One thing I frequently hear from opponents of science is the claim that “Western,” “Orthodox,” “Revisionist,” or “Materialist” science is too constrained conceptually by adherence to the idea of natural laws, in particular such things as the conservation laws and the speed of light limit c of physics, and of course, the need for such extraneous things as precision, measurement, reasoning and evidence to test claims put to it, even the requirement that claims must be tested by something more than personal prejudices and blind acceptance.
These folks repeatedly assert that since modern science is too restrictive (in ways that they find disagreeable) in what can be considered to be possible, that therefore their brand of mysticism is not so limited, that it offers an allegedly truer picture of the universe which empowers anyone who is open to it by way of a greater concept of possibility, allowing the soul to soar freely, all of us potentially godlike if we want it enough.
But I think that that’s just not the case.
A frequent component of pseudoscientific belief is a rejection, even an outright denial, or at least a suspicion for contradictory data and methods, anything that does not (to proponents) seem to support the claims of choice.
This includes, for example, biological and cosmic evolution for creationists, psychiatry for the Cult That Shall Not Be Named, Astronomy for followers of the electric universe idea, the Laws of Thermodynamics for free-energy machine proponents, evidence-based medicine and “Big Pharma”-funded research for alt-med advocates, planetary geosciences for flat-earthers, and climatology for global warming contrarians.
…The list goes on…
There is, of course, quite a bit of cherry-picking of what to accept and what to reject, based on ideology rather than logic and evidence, even to the point of hijacking legitimate data and spuriously interpreting it or force-fitting it to one’s favorite doctrine.
After all, one of the hallmarks of pseudoscience is the use of logical fallacies to support the claims of proponents, for if their reasoning was sound, and their claims were truly supported by facts, then they would be doing actual science and not it’s antithesis as is the case.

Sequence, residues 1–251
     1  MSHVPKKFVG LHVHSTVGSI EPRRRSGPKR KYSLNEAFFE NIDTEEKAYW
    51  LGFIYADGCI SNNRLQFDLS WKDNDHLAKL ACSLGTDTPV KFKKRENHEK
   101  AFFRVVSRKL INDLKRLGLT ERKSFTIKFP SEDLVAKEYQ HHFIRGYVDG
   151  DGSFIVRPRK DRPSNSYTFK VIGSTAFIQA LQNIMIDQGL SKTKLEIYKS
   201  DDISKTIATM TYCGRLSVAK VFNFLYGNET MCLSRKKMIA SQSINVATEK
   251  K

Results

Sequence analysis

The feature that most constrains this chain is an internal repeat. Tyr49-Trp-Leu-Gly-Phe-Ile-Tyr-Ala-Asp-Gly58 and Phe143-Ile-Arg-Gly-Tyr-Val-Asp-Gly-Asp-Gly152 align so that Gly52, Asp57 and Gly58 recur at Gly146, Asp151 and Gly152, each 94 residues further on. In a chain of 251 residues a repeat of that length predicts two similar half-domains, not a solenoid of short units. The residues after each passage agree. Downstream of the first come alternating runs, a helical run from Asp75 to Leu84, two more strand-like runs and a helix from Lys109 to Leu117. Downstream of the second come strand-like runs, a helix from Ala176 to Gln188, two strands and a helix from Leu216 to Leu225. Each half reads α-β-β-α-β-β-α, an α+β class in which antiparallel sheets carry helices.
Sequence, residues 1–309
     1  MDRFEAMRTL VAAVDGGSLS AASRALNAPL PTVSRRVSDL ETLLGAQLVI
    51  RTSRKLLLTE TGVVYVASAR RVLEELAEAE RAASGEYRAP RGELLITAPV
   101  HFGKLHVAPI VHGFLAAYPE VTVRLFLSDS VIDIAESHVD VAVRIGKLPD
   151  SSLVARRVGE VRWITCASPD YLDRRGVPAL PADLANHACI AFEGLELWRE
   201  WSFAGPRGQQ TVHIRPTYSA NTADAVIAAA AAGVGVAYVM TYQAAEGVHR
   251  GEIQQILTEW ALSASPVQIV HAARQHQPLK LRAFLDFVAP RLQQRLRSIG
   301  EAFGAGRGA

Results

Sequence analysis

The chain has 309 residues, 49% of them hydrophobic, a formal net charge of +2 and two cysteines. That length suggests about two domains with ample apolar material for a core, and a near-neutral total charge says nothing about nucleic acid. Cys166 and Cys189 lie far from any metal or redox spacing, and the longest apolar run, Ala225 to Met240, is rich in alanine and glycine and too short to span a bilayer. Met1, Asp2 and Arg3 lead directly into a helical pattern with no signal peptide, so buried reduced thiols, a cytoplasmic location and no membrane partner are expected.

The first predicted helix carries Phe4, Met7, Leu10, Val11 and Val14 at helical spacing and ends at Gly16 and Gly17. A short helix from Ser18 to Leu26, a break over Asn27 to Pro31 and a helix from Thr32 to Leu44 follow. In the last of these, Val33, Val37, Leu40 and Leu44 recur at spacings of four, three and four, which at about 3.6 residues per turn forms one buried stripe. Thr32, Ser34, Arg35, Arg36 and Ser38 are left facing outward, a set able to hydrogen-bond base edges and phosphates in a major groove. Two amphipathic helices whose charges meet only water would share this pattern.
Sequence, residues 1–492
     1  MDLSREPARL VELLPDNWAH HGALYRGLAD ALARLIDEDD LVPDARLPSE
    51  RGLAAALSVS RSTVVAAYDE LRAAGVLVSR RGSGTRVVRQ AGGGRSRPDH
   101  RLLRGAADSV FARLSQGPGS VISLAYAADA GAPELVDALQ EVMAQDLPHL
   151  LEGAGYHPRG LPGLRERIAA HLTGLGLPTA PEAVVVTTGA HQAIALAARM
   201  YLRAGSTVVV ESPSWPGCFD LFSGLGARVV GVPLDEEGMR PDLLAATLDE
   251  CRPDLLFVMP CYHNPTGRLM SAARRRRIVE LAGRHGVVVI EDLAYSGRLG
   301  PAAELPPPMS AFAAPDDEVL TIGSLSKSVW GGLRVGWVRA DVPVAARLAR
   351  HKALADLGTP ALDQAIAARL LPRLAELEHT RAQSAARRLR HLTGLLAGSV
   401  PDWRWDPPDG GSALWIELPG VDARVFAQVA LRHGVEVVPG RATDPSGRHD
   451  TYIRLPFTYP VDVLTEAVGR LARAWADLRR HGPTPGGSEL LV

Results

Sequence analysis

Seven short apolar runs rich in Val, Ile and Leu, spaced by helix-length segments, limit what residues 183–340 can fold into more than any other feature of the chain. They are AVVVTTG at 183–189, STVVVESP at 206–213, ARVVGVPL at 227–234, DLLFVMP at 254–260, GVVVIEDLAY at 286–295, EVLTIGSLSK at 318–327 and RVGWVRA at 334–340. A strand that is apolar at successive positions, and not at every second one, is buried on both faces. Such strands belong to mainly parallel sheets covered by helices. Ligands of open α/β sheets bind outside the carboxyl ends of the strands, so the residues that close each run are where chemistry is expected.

This rejection of not just the findings of science, but also the process of it, often results from an inability to imagine, accept, or wrap one’s mind around the often difficult ideas and seemingly implausible findings of the scientific enterprise, particularly when strongly held subjective beliefs as well as personal intuitions and understanding are incompatible with them, a common logical fallacy known as the argument from incredulity.
This is the tendency of otherwise perfectly intelligent and otherwise reasonable people to reject any claim they can’t personally believe, or that seems ridiculous or strange, rather than really looking at and examining the evidence in favor of these often odd but generally well-supported ideas.
These unfortunates have my condolences, for they’re missing out on a lot of cool, genuinely empowering, and to me an almost spiritually uplifting understanding of the World.
I’ve said it before elsewhere: Knowledge is power, and good scientific literacy empowers you not only with knowledge, but smart thinking and reasoning skills that inoculate you from being easily taken by clever scam artists and charlatans.
Which leads up to this point:
In rejecting a real grasp of how the world works, on the basis that one personally believes the claims involved to be impossible, fringe-advocates are doing exactly what they claim of science, restricting their followers’ concept of possibility, and in so doing robbing them of empowerment in exchange for wishful thinking and false hope…or false fear.
They are restricting in their own minds, and those of their adherents, a perspective on the universe that they don’t want to understand, that to them, and them only “doesn’t make sense,” or things that they find “unimaginable, and therefore something that can’t possibly be true.”